Reviewing the paths that many of our lives have taken, you could probably summarize them by saying, “You can’t get there from here. You have to go somewhere else first.”
Looking at my own life, it seems a lot like a traveler whose GPS has gone haywire. Born overseas while my father was serving in the U.S. Army, I spent most of my childhood in New Jersey. My college years took me first to Texas, and then Ohio. My career as a journalist also followed a somewhat erratic path, beginning in Ohio, followed by a brief sojourn in Pennsylvania, back to Ohio, then Texas, and finally, Tennessee.
If plotted on a map, this would resemble an extremely crooked stick. And my spiritual pilgrimage has been just as “crooked” as my life’s path. But from the God’s point of view, I believe it looks pretty much like a straight path, proceeding exactly as He planned.
Martin Luther said, “God can draw straight lines with crooked sticks.” Indeed He does. There are myriad examples we could choose from, but among those that come to my mind are two of the world’s greatest mass evangelists, Billy Sunday and Billy Graham. During the 1880s, Sunday compiled a reasonably successful eight-year major league baseball career; for most of that time he wouldn’t have been voted “most likely to become known as a winner of souls for God.”
But then the Lord got a hold of him. Several years after committing his life to Jesus Christ, Sunday left baseball and began a career as a itinerant evangelist, long before the advent of electronic sound systems. His much-celebrated career spanned about four decades, touching countless lives.
Graham was considered Sunday’s successor, although well into his young adulthood such an idea never crossed his mind. In fact, the story is told that when Graham was about 12 years old, a group of Christian businessmen gathered at the farm of his father, William Franklin Graham, to pray for God to “raise up a man who would take the Gospel to all the world and turn people in far places to Christ.”
Upon hearing of the men who had assembled, young Graham reportedly said, “I wonder what those fanatics are doing here.” And yet, as a young man he had a life-changing encounter with Jesus and he became one of “those fanatics.” During his lifetime Graham spoke the saving message of Christ to millions around the globe – in person, over the radio and on TV.
The Bible, in its unvarnished candor, presents dozens of examples of “crooked sticks” the Lord has used to accomplish grand things. One of them was Jacob (later renamed Israel), who despite being a schemer and a conniver became patriarch for the nation of people named after him. Jonah, a petulant prophet, was called to preach to people in the pagan city of Nineveh. However, he chose instead to flee and found his means of transportation shifting from a ship to a huge fish. In time, the Ninevites did get the message from the reluctant evangelist and a citywide revival resulted.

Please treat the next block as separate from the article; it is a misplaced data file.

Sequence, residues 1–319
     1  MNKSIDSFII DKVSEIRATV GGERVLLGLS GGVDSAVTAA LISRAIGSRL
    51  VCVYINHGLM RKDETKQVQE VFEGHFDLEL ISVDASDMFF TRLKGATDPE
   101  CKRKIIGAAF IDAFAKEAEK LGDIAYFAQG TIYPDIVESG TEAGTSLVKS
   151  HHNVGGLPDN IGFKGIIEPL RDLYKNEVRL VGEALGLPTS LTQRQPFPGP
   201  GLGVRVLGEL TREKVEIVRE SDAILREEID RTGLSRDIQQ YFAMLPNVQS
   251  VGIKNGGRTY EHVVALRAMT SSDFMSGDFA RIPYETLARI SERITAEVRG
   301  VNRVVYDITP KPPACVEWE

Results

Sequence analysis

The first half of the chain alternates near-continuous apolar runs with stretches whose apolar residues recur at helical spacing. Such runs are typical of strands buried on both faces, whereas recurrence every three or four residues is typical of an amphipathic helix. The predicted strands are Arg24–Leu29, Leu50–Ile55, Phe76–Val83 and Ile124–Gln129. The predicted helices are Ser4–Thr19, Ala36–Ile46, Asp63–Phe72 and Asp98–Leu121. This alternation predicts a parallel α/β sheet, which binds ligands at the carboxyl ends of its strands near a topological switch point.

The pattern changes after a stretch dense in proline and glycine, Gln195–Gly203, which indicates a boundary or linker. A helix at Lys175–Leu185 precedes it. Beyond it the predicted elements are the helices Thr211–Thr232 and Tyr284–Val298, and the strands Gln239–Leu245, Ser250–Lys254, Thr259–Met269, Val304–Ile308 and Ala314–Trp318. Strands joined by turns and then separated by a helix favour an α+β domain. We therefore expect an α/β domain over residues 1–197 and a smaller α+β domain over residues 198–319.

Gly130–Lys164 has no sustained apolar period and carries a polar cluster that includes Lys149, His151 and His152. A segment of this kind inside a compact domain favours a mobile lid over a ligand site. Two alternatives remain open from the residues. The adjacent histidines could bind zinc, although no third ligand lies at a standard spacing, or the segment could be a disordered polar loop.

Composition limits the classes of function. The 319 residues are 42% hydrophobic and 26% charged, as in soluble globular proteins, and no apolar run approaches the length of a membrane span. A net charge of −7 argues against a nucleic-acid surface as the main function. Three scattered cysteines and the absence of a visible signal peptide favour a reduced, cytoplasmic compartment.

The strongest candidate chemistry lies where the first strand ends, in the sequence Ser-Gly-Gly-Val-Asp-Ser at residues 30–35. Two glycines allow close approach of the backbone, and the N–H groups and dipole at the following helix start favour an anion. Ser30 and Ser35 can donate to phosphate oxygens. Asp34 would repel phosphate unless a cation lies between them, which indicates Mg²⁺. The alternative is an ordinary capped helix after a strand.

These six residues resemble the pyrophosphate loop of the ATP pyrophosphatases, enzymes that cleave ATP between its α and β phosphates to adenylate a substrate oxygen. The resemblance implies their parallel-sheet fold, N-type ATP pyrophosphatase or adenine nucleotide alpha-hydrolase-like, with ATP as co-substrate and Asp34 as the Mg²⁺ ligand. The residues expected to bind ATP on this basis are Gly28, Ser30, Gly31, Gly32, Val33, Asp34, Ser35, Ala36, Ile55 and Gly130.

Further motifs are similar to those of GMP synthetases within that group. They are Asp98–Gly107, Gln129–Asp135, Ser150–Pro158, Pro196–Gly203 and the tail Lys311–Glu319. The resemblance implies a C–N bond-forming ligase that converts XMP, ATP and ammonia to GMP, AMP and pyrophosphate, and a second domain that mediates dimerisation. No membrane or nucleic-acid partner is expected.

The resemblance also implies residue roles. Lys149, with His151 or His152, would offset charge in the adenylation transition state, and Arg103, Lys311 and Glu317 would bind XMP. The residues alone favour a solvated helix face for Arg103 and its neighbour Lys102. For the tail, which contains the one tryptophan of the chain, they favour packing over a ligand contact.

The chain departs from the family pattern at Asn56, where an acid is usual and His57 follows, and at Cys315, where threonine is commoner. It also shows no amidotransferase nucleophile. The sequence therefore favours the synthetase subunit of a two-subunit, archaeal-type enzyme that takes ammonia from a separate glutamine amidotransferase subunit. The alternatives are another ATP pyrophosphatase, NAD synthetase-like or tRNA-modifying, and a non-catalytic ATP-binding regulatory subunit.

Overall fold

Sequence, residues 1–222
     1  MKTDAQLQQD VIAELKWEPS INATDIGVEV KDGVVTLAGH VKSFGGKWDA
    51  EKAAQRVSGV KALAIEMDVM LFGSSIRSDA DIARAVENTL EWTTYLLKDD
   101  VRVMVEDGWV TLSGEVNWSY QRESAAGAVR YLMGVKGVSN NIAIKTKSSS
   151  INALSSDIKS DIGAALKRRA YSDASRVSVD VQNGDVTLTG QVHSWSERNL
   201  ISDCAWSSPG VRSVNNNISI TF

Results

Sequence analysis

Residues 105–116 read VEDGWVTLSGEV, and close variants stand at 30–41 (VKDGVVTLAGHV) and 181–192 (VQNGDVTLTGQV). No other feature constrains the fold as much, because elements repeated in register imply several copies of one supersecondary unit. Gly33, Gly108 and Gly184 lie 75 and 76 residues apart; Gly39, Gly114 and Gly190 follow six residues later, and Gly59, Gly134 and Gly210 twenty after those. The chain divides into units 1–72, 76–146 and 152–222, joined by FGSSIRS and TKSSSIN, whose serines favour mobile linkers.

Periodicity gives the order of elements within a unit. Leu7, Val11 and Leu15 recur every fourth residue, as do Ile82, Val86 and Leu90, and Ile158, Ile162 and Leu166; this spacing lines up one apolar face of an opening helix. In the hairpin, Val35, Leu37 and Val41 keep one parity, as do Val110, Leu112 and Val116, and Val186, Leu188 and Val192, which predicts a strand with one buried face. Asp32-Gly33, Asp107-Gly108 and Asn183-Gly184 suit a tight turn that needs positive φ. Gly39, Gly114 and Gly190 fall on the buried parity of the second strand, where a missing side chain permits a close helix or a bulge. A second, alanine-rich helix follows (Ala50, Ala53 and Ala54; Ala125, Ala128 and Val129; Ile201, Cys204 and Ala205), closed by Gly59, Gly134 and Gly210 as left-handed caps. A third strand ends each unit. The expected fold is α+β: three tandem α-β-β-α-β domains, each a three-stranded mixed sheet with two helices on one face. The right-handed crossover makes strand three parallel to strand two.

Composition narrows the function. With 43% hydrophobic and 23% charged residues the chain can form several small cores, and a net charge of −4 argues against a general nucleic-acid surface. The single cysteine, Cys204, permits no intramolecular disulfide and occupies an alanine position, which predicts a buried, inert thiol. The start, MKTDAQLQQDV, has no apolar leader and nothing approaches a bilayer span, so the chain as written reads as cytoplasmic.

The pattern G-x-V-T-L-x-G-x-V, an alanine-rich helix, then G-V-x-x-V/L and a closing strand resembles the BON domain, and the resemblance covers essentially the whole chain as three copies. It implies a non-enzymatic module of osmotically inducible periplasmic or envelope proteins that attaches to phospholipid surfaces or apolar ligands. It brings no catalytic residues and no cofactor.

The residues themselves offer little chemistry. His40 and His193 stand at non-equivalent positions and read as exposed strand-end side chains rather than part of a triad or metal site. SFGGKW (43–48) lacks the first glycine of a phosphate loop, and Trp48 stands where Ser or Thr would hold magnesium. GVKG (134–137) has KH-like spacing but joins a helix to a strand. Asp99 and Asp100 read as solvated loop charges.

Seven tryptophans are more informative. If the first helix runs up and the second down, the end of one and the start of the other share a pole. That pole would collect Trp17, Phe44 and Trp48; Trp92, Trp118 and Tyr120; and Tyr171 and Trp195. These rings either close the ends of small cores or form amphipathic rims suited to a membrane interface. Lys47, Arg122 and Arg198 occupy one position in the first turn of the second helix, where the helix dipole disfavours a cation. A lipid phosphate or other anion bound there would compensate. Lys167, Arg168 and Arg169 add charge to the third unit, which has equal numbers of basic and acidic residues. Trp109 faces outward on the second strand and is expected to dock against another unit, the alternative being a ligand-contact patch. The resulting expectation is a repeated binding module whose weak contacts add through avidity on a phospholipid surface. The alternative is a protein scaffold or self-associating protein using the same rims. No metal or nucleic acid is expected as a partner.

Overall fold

King David, described as “a man after God’s own heart” in the Scriptures, had more than his share of sinful detours. Yet he has been intimately identified with the Jews through the centuries, and from his pen we have a wonderful collection of writings in the Psalms. His son, Solomon, started his reign as king in a most humble manner, and his wisdom was unparalleled. He contributed much to the books of Proverbs, Ecclesiastes and Song of Solomon, but his path became more crooked as time went on and he failed to finish particularly well.
In the New Testament we meet a number of other “crooked sticks. There’s Simon, whom Jesus renamed Peter; despite his impulsive nature he became a pillar of the early Church, even writing two of the Bible’s epistles. Matthew, who had betrayed his fellow Jews as a tax collector, also was selected to be one of Christ’s unlikely disciples. What we know most about Matthew’s life after becoming a follower of Jesus is that God chose him to be the author of one of the four gospels.
And we can’t overlook Saul, the zealous Pharisee and persecutor of followers of Jesus, fully convinced that what he was doing was right. After his Damascus road encounter with the Lord, however, Saul was given a new name, Paul, and spent the remainder of his life proclaiming Christ to anyone who would listen, despite many hardships. All amazing stories of how God through the centuries has used some very curious, crooked-path people to accomplish His purposes.
Personal experience, along with learning the faith stories of many other people, have taught me the course God has for us is rarely a direct one. Maybe that’s why Proverbs 3:5-6 admonishes us, “Trust in the Lord with all your heart and lean not on your own understanding; in all your ways acknowledge him, and he will make your paths straight.”
Have you ever found yourself wondering why your life has taken an unexpected detour? Maybe more than a few? They’re often God’s way of saying, “Don’t try to figure it out. The course I’ve put you on will take you exactly where I want you to go.”
The key for us, as crooked, broken people trying to find our way through lives of uncertainty, is simply to trust rather than wearing ourselves out trying to comprehend what the Lord is doing or why He’s taking us where He chooses. As we’re promised in another passage from Proverbs, "I will guide you in the way of wisdom and lead you along straight paths. When you walk, your steps will not be hampered; when you run, you will not stumble" (Proverbs 4:11-12). He knows the way.